It was a dream come true for Remdel and a mission accomplished by all categories of filmmakers. The 2009 edition of the festival of indigenous African films (Behind the Screen) held in Akure, Ondo state capital recently.
The festival expectedly proffered new ways and methods for motion picture practitioners to realize their dreams. It also sought adequate training for professionals, aside canvassing a new breed of filmmakers whose emphasis would be on value rather than monetary gains.
The festival opened on a celebrative note at the Ondo State Cultural centre, Adegbemile, with an array of dignitaries comprising artistes, scholars, veteran movie practitioners and a team of government officials. It was a gathering of top professionals drawn from public and private sectors, many of who gathered to watch films, view works and purchase CDs, DVDs and cassettes.
A welcome address by festival director, Pastor (Mrs) Biodun Ibitola described the third edition of the festival as another effort towards repositioning the Nigerian motion picture. Ibitola harped on the theme of the festival, The Impact and Survival of Indigenous Languages in Films, noting that filmmakers have a role to play in ensuring survival of indigenous languages.
While regretting that colonial rule has eroded Nigeria’s many languages, Ibitola raised hopes for the languages through films, saying “In order to guard against this avoidable disaster, there is need for a drastic change of attitude to the study and use of our indigenous languages in Africa, and Nigeria, being the undisputable big brother of the black race, must take a lead in this direction.”
Ibitola who also listed ways through which film can help actualize the re-branding project initiated by government. She stressed the need for effective packaging of Nigerian indigenous languages in films to other parts of the globe, as well as the need for Nigerian films to be sub-titled professionally in English, French, Portuguese and other languages. The festival director also urged government to pay greater attention to the entertainment industry, which is capable of generating income and serving as useful tool in information dissemination.
While buttressing Ibitola, in his key note address, Professor Tunde Babawale, Director General of the Center for Black and African Arts and Civilization (CBAAC) called on filmmakers to increase production of films in indigenous languages. He also urged filmmakers to raise quality of such films in terms of themes, aside engaging the services of professional translators.
According to Babawale, government at all levels must give support to the production of films in indigenous languages, particularly those that promote morality and national values. He also canvassed support for the study of indigenous languages in schools, saying both the federal and state governments must make the study of indigenous languages compulsory at the primary and secondary levels of the educational system.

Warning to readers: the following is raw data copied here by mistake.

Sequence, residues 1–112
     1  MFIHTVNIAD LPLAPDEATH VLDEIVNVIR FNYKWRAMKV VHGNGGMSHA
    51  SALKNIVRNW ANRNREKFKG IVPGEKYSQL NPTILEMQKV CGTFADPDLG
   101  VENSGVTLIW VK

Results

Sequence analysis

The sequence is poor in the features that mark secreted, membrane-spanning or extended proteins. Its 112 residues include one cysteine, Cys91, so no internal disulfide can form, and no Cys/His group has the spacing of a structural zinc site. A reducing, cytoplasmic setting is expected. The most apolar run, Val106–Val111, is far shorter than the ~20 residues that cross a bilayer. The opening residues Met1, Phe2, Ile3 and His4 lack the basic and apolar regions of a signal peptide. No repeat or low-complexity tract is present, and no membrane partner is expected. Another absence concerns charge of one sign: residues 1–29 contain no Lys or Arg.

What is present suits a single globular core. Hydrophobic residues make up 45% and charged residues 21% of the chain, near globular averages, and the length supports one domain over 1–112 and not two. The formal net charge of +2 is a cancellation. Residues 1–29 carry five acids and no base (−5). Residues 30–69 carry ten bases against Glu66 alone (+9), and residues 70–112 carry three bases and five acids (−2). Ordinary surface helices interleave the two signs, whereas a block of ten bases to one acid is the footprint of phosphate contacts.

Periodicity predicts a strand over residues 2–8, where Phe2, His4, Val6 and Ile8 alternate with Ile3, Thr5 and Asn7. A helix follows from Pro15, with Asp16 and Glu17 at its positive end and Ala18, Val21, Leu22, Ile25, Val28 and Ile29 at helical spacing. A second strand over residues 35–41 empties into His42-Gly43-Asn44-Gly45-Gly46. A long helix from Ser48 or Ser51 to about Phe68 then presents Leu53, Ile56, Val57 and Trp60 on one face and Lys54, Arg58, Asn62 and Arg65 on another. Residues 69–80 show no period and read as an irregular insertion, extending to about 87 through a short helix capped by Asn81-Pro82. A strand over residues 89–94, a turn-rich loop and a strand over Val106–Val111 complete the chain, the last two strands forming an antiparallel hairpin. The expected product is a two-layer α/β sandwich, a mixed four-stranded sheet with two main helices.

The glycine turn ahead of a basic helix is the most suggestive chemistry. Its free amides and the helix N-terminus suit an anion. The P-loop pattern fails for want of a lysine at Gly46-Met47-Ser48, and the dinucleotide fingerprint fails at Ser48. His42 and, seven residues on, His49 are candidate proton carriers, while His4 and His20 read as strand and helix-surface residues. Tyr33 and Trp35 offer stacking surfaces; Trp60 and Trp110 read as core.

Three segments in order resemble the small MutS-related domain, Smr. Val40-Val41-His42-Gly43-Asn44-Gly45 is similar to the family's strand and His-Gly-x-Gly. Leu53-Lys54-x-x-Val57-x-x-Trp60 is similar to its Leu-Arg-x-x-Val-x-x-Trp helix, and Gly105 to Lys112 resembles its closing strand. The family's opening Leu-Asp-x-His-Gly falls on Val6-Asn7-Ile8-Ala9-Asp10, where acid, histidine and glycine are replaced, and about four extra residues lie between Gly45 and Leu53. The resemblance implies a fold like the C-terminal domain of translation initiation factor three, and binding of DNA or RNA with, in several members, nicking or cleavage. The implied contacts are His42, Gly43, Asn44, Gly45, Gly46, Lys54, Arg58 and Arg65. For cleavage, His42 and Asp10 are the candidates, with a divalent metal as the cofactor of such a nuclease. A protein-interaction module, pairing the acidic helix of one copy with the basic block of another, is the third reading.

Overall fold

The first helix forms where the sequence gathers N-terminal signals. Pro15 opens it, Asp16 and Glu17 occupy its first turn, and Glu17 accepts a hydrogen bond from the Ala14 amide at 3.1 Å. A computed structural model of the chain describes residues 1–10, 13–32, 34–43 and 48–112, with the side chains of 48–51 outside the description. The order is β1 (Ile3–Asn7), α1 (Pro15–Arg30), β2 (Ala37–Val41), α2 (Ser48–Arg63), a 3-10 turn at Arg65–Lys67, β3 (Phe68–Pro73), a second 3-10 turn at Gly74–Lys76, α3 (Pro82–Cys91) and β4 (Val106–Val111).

On how to promote the business aspect of film making, experts used the Karakata forum to list the strategies for sustaining value and raise revenue through motion picture. After a brainstorming session that was kicked started by Professor Mabel Evwiehoma of the University of Abuja, the festival again lived to its billing as a veritable platform to device new ways and methods of packaging and distributing indigenous films.
She traced the origin of film distribution to 1894 during the days of Holland Brothers in America, but observed that filmmakers in Africa should discover new ways of producing and distributing their works particularly in view of Internet and electronic cinema. Evwiehoma also urged filmmakers to give credits to original authors of their references, embark on aggressive marketing through direct distribution networks as well as consider signing meaningful contracts to avoid copyright infringement.
At the end of the session, which featured other experts as Dr Gbemisola Remi Adeoti (Moderator), Mrs Biodun Ibitola, Dan Jacobs, Phil Ebosen, Tunji Bamishigbin and Mr Emeka Mba, DG of the National Film and Video Censors Board (NFVCB), it was agreed that Nigeria needs a new brand of filmmakers. The latter, according to the panel of discussants must be able to pay attention to training, effective documentation, good networking, contractual agreements and above all, ensuring that value is not sacrificed for monetary gains.
Earlier in his office, Chief Adetola Festus Wewe, Ondo State Commissioner for Culture and Tourism expressed his willingness to collaborate with Remdel Optimum to boost film production in the state. While responding to Mr Emeka Mba’s request for government’s support for creative industries, Wewe commended organizers of the festival for promoting motion picture in the state. He also promised to join Remdel in training youths in the diverse areas of film making in order to create jobs and eradicate poverty in the state.
Shortly before the end of the festival, participants had opportunity to watch the premiere screening of Ofinga (Law is great), the latest movie in Remdel’s stable. They also had a fruitful and challenging tour of the famous Idanre Hills in the outskirt of Akure. The long tour of over 600ft hill unveiled yet another tourism attraction whose cultural and artistic potentials are yet to be fully tapped by Nigerian filmmakers.